Then again, with the comments enabled on the public policy blog, it gives the impression that people are still allowed to have independent thought. You don't agree with what has been posted, then, by all means, leave a comment. Google will take your comment into consideration and then figure out a way to spin the idea so that it sounds exactly like that you wanted to hear in the first place!

Maybe. Maybe not. Course, you can also think of Google's enabling of comments on its public policy blog as caving into its users who have clamored to comment on Google blogs but have been forced to do so in blogs like this one.

Friday, June 22, 2007

Of Camera Dectors and Cameras at Intersections

It is no secret, here in the city of Chicago, that the whole point of putting up cameras at "high risk" intersections to catch more people running red lights and breaking the law in order to write more tickets to meet whatever budget quota has been assigned to further stuff the pockets of politicians in this Windy City.

As a Chicago Tribune article today quotes Ald. Edward Burke (14th: "Revenue from the $90 fines at camera-guarded intersections "is budgeted in our annual appropriation ordinance," the alderman said. "That is why all these cameras are being installed. ... The reality is that people blow through these intersections and they are going to be caught and they are going to be fined. It has become a big revenue source, absolutely."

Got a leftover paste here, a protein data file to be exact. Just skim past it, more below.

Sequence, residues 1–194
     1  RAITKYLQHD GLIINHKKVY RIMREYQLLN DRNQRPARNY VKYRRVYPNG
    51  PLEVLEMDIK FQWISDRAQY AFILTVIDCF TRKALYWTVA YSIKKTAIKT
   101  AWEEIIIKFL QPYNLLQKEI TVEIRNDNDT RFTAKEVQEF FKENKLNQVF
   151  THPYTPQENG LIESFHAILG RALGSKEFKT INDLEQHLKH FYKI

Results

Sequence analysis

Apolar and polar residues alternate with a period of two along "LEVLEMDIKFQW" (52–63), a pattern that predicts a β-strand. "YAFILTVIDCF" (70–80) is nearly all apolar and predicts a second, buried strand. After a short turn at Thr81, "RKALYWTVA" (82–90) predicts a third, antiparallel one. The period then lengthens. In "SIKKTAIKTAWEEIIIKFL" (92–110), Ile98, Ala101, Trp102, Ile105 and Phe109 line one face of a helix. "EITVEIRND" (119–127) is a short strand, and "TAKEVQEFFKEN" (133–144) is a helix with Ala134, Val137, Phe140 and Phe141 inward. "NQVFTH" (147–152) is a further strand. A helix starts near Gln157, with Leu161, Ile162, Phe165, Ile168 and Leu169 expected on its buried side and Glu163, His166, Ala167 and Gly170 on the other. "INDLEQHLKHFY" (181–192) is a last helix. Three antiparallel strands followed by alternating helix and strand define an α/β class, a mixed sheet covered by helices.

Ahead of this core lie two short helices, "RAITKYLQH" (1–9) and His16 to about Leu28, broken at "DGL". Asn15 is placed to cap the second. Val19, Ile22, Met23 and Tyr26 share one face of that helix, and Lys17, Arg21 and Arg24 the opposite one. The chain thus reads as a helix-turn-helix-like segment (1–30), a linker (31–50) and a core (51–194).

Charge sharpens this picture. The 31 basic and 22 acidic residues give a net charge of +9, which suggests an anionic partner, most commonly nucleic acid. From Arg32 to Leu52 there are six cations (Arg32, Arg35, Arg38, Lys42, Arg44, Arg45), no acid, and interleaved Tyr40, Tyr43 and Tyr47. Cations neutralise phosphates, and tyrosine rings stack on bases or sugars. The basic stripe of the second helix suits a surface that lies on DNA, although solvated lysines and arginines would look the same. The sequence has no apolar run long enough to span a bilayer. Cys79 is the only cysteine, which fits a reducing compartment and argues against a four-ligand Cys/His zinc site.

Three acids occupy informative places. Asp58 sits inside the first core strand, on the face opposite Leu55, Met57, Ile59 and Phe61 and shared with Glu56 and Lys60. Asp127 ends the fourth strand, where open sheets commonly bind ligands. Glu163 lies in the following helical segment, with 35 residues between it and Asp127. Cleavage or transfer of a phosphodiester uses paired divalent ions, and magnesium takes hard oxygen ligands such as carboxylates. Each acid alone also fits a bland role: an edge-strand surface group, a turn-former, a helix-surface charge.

So it is of little surprise that he is in arms over a new device from Cobra Electronics that warns drivers of upcoming intersections that have cameras. Such a device has the potential to put a significant dent in the $19.8 million dollars collected in fines from drivers who run red lights.

Alderman Burke's insistence on a ban of such a device makes it clear that he is more interested in meeting a quota than actually helping to save the lives of his constituents. Never mind the cost to tax payers when accidents do happen, whether a fender bender or a fatality. Never mind people's blatant disregard for red lights and the cameras. As long as he gets hi $19.8 million plus, he's happy.

God for bid any piece of technology that would benefit drivers, pedestrians and cops prevent him from getting that $19.8 million plus.

And I keep expecting the next feature added to Google Maps to include the marking of intersections that have cameras. You can already add traffic, so why not include intersections with cameras as well?

Friday, June 15, 2007

Google Oogling...at You

I found this cartoon first on the editorial page of the Chicago Tribune and thought it was quite fitting. Went well with an editorial today from Steve Johnson called "Street View: The Creepy Side of Google." He says:
The transition for Google is now nearly complete.

The lovable Internet start-up with the "do-no-evil" motto and the cute, seasonably changeable logo has transformed into something more ominous.

Google is now keeper of our private search data, whether we want it to or not; chronicler of our hard drives, if we let it; exploiter of our newspapers; digitizer of every book it can get its hands on; and, now, photographer of our ordinary, on-street activities, from sunbathing to visiting a strip club.

It's this last, the recent arrival of the Street View feature as an enhancement of Google Maps and Google Earth, that has proved to be the tipping point, or, more accurately, demonstrated that a tipping point had already occurred.